Alarming signals from negative electronic exports growth
Taiwan's headline export growth slowed down to 9.4% year on year from 14.2%YoY, on the back off negative growth in electronic exports. In contrast, higher energy and metal prices pushed up import growth to 15.4%YoY from 12.0%YoY.
We see alarming signals from the negative annual growth of electronic parts exports (-1.7%YoY), and integrated circuits (-3.0%YoY). Electronic parts exports, which are important to Taiwan made up 30.9% of total exports in June.
Combining the data of export destination, we believe that the export growth of electronic parts to the US and China have slowed which could be a harbinger of the upcoming slowdown to the sales of new smart devices.
Electronic parts exports led the fall
These numbers don't fully account for the ongoing trade spat .. yet
We have to realise that trade data in 1H18 has yet to reflect the full impact of the trade war between Mainland China and the US. We've only seen metal prices going up, which could be a result of the US tariffs on aluminium and steel and therefore, this data would only affect second quarter's GDP slightly.
For now, we maintain our forecast of Taiwan GDP at 3.1%YoY in 2Q18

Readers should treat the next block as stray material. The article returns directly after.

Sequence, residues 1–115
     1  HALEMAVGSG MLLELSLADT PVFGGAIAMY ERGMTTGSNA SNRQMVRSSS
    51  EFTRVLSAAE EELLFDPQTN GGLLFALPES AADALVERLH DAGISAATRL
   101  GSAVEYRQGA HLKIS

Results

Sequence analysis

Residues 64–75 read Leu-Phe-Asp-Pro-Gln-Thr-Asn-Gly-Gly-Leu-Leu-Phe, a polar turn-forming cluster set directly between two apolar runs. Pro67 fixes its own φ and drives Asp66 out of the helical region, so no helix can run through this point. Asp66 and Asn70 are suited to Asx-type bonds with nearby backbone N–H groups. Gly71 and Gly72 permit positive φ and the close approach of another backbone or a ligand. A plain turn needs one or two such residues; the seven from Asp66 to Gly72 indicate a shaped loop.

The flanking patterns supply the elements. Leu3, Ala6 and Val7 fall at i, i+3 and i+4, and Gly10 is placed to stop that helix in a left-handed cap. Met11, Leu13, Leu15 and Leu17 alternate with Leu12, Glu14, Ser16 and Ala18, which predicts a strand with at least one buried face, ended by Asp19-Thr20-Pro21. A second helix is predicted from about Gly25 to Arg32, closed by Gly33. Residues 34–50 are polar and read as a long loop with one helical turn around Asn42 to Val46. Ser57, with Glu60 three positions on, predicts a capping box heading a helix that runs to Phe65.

Trade war impact on Taiwan - for better or worse?
How the trade tariff war impacts China, and the US affect Taiwan is an interesting topic.
Taiwan is an exporter of electronic parts and machinery and also has an agriculture sector. Taiwan's electronic goods could benefit from the trade war as a substitution for Chinese electronic products subject to a 25% tariff from the US. Taiwan could also export its agriculture produce to China as a substitution for US agricultural products that face a 25% duty from China.
But we'd like to highlight that not every company faces a positive prospect. Given that supply chain in the electronics sector is closely linked, tariffs on Chinese electronic products could also negatively affect Taiwan if it is a supplier to a Chinese firm that loses its export orders because of the 25% tariff.
As expected, the impact on the labour market lags export activities, but we believe that the low unemployment rate (3.63%), could edge up gradually as the trade war escalates.
Only time will tell if Taiwan benefits from the trade war as a substitute exporter or get hurts as its supply chain is hammered, but if things continue to escalate - one thing is sure - as the global economy is affected, global demand would fall and so would Taiwan's economic growth.